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United States Equestrian Federation

I would like to thank you for taking the time to talk to me yesterday regarding my deceased mare Picante.
Your credentials are very impressive
and I would certainly feel confident if you were handling Picante’s case.
D. Largeteau,
Axens North America

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Title: "Eventing Injuries - The different opinions as to why we have seen an increase"
Author: Allyson Nelson

There is a debate as to why a rise in injuries to both the eventing horse and rider has recently occurred.

Three day eventing competitors claim that this increase in the accidents is due to a paralleled inflation in novice competitors.

They believe that as the interest to the sport escalates more people enter the events, unaware of the skill needed and the risk involved.While others say that the riders are focused on qualifying for the next competition and loosing sight of the welfare of the horses.

Pushing them to hard can lead to fatigue and medical problems. Dr. Catherine Kohn, VMD, PhD, Dipl. ACVIM, researched equine fatalities in event horses between 1996 and 2008, and found 51 fatalities due to collapse or injury.

Another Veterinarian Dr. Kent Allen, DVM, believes that these horses could be suffering from exercise-induced pulmonary hemorrhage. He feels this could be appearing now because of the increased speed and difficulty of the courses.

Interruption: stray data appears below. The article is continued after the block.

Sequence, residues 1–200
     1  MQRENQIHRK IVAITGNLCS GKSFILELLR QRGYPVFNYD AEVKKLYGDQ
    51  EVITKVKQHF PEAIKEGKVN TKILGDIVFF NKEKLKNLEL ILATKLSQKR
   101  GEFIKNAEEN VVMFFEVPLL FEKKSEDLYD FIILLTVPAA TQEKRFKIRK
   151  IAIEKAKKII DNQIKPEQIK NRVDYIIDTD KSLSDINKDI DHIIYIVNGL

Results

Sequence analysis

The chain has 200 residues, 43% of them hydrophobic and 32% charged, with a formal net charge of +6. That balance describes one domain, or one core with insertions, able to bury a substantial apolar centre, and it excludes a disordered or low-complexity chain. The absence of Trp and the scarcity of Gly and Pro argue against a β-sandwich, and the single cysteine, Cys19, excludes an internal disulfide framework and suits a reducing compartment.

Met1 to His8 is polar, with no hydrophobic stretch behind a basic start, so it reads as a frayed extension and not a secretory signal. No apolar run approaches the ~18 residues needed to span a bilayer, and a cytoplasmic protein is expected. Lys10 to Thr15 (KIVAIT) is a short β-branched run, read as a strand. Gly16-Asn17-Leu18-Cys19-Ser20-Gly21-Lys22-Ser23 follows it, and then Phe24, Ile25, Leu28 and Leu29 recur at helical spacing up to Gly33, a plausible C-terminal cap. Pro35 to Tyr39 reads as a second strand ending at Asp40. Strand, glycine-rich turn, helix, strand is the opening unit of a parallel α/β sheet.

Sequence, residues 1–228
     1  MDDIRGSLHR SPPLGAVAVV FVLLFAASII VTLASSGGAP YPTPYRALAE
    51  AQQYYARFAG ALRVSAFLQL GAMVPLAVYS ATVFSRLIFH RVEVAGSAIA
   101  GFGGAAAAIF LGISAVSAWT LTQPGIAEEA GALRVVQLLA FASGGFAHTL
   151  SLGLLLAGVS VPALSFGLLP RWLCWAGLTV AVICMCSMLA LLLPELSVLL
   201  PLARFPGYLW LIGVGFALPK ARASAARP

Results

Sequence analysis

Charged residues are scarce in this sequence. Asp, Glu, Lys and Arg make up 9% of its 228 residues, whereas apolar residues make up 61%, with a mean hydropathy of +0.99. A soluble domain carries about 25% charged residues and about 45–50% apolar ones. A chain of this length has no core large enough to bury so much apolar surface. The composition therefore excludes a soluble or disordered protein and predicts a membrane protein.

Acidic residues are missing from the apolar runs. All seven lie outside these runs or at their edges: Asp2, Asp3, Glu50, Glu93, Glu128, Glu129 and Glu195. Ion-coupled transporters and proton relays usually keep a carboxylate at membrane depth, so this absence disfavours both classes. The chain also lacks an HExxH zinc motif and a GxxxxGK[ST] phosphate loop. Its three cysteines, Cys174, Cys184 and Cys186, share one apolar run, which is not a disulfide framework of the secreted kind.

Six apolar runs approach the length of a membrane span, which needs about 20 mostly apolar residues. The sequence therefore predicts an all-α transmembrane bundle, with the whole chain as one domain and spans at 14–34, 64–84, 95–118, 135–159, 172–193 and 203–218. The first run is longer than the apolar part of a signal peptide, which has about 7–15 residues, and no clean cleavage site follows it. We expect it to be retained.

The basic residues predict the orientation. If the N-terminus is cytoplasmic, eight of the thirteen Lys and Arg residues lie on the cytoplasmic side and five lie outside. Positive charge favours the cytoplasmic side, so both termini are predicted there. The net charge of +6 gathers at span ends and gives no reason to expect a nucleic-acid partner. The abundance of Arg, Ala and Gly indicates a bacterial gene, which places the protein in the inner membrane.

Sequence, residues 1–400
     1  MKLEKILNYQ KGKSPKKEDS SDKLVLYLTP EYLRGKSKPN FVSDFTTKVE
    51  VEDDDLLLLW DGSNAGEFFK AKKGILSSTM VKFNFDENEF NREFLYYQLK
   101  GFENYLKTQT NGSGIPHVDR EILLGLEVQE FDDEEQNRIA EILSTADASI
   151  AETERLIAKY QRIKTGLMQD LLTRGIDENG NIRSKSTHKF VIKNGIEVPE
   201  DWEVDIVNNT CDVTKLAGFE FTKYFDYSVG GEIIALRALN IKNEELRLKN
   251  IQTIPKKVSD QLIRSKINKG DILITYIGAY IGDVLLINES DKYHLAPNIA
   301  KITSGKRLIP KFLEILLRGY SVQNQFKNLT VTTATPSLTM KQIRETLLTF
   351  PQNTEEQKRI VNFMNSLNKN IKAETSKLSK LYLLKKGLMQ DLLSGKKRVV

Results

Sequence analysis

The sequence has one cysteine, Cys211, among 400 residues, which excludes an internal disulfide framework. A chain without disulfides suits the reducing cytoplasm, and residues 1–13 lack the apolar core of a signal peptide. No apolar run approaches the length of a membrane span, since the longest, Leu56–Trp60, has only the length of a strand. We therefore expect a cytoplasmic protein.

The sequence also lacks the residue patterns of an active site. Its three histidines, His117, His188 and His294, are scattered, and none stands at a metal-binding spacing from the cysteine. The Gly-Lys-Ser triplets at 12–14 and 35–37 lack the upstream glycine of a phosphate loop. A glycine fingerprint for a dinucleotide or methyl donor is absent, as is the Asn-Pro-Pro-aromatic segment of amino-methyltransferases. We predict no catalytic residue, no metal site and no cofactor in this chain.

This is not the first time the public has taken interest in the safety of this sport. There was another cluster of deaths in 1999.
After this the British organizers invented a special jump pin that would cause the rail to collapse upon impact.

NAES   This would highly decrease the number of rotational falls (the horse summersaults over the fence). These are the most common fall and also the most dangerous for both horse and rider.

These pins have been available since 2001, but are not used on all possible fences due to cost. They cost an average of $70 per fence; with 20-40 fences per course many feel this is cost prohibitive.

The one similarity between everyone involved and viewing the sport is the gut wrenching feeling received in the pit of every stomach when an awful fall is witnessed.

Something needs to be done before more horses need to be euthanized.

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